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UBS chair aims for ‘bloodless coup’ with Sergio Ermotti succession

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UBS chair Colm Kelleher said he would like to line up a shortlist of three potential successors for chief executive Sergio Ermotti within the next “couple of years”, aiming to emulate the smooth succession process at his former employer Morgan Stanley.

Speaking at the Financial Times’s Global Banking Summit on Tuesday, Kelleher said external hires would be considered to bolster competition for one of the biggest roles in global banking.

“Morgan Stanley was a bloodless coup — I would love to get to the stage in future where UBS could run the same playbook . . . with a number of credible candidates,” he said. Morgan Stanley earlier this year had at least three internal contenders to succeed outgoing chief executive James Gorman, before landing on investment banking chief Ted Pick.

Ermotti returned to UBS this spring, just days after the bank agreed to rescue its former rival Credit Suisse.

Kelleher said he had agreed with Ermotti when he rejoined that the pair should prepare a shortlist of potential successors while Ermotti concentrated on integrating the Credit Suisse business.

“I discussed it at dinner with Sergio when he agreed to come back,” said Kelleher. “There is a lot of life in him, but he is not as young as some people.”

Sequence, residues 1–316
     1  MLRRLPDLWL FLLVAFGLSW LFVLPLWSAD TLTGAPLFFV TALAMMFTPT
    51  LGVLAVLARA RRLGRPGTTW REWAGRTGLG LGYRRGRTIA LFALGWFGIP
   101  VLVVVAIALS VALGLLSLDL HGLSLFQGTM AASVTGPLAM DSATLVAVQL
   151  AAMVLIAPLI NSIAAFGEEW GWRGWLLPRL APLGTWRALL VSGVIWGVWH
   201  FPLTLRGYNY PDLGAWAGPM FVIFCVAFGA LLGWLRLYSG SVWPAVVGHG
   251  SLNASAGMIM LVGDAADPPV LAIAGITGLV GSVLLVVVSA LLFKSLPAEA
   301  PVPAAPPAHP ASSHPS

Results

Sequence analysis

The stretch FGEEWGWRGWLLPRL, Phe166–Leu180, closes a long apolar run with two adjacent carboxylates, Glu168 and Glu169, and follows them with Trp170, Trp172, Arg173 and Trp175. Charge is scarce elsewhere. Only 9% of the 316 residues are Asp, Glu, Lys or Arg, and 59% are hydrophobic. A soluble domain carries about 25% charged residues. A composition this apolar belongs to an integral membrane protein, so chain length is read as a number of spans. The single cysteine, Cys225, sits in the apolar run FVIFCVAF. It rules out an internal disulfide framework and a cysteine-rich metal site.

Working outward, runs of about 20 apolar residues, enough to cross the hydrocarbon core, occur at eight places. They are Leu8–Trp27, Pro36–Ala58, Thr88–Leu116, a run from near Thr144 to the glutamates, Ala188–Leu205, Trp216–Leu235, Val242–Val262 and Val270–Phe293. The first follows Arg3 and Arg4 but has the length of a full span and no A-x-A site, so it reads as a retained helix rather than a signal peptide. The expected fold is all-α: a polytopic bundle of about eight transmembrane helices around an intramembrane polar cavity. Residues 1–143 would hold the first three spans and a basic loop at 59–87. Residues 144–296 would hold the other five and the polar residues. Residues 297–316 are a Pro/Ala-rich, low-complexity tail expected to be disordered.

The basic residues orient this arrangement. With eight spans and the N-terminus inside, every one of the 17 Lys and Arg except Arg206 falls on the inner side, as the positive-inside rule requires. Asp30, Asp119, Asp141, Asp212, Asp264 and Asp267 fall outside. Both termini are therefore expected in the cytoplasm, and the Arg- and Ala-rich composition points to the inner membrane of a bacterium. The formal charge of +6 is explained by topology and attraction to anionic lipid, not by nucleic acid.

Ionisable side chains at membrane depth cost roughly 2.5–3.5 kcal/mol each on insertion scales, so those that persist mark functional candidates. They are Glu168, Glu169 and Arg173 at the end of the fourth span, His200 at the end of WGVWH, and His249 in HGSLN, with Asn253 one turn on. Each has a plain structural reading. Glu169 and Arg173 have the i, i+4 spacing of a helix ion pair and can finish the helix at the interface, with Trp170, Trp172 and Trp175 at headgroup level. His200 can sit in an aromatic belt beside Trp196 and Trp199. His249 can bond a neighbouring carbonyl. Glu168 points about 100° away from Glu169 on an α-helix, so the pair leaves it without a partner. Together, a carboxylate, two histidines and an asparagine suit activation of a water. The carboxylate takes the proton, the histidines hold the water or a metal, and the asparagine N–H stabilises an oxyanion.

He said UBS was moving to a more tricky period in its integration of Credit Suisse, echoing comments made by Ermotti that 2024 would be a pivotal year and warning of steep costs ahead.

“The easy losses are getting rid of headcount, the sticky ones are allocated in control functions, data, IT,” Kelleher added. “2024 is the first year we don’t have the cover of the ‘easy’ costs.”

The most controversial element of the Credit Suisse takeover was that it included bondholders holding $17bn of additional tier one securities being wiped out. The decision has led to up to $9bn of legal claims, but Kelleher said it was a decision that UBS had nothing to do with.

“I am sympathetic to bondholders, but there is a lesson there to read your prospectus,” he added.

UBS recently returned to the AT1 market, issuing $3.5bn of bonds that received $36bn of interest from investors. Kelleher said to expect further AT1 issuance from UBS in the near future, with analysts estimating that the bank would need to issue a further $11bn of such debt to make its capital stack efficient.

“The fact that we had $36bn of interest in $3.5bn of bonds is telling you that it is yesterday’s battle.”

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